Even though there have not been any officially reported cases of the coronavirus in Connecticut, UConn has discontinued all study abroad and travel programs, according to the university's press release.

On Friday (February 28) the University canceled all nonessential, institutionally sponsored travel to China and South Korea indefinitely. The next day, the university released a letter to students and parents Saturday morning informing them of their decision to cancel their study abroad programs in Italy and South Korea.

Over 300 students from UConn are currently studying in 29 countries, including 88 students studying in Italy and a handful in South Korea. Although there are no UConn students abroad in China or Iran, the university has also banned its members from traveling to those countries.

The University has notified students to pack up and head back to Connecticut as soon as possible. The University is working closely with all their students studying abroad to coordinate flights back to the U.S. They also announced they will be providing these students online and remote learning opportunities to complete their academic requirements when they return. Officials at UConn made the decision after new guidance was issued late last week by the Center for Disease Control (CDC).

The University reminded its community to be open-minded in these stressful times: "Those students and others returning from affected nations and might understandably feel heightened stress and anxiety, and we encourage everyone to extend understanding, compassion and camaraderie."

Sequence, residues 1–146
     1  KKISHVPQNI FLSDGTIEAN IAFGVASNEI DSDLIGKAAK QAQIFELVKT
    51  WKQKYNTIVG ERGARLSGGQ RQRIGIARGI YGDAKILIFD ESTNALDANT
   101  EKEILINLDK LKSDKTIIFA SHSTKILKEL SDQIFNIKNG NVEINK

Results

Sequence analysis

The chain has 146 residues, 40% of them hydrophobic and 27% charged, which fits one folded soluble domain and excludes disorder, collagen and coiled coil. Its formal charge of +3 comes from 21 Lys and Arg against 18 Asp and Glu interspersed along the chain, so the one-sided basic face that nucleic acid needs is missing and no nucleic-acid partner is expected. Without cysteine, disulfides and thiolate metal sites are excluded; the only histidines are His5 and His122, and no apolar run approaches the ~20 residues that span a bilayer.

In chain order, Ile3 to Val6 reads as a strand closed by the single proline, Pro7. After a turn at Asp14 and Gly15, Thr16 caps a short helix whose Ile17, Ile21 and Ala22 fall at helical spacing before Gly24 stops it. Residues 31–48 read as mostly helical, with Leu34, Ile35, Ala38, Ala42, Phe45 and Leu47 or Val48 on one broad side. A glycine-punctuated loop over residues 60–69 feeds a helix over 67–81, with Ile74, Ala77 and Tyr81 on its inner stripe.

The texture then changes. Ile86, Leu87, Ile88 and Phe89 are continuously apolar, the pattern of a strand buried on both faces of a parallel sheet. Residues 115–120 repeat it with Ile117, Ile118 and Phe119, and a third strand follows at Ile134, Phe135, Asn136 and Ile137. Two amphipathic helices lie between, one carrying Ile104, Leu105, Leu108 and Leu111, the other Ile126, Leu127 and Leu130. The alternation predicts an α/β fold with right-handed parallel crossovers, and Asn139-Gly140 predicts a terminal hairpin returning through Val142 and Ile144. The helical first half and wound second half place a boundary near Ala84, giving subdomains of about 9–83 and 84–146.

Other Connecticut Universities have also joined the University of Connecticut in recalling their students from study abroad programs including Trinity College, Fairfield University, University of New Haven, Yale University, Wesleyan University, Quinnipiac University, Eastern Connecticut State University and Central Connecticut State University.

With universities now getting involved in the global implications of this virus, the magnitude of this pandemic continues to trickle down into the various aspects of our society. It's these epistemological repercussions that demonstrate how COVID-19 has its hands on the back of our everyday lives' necks.

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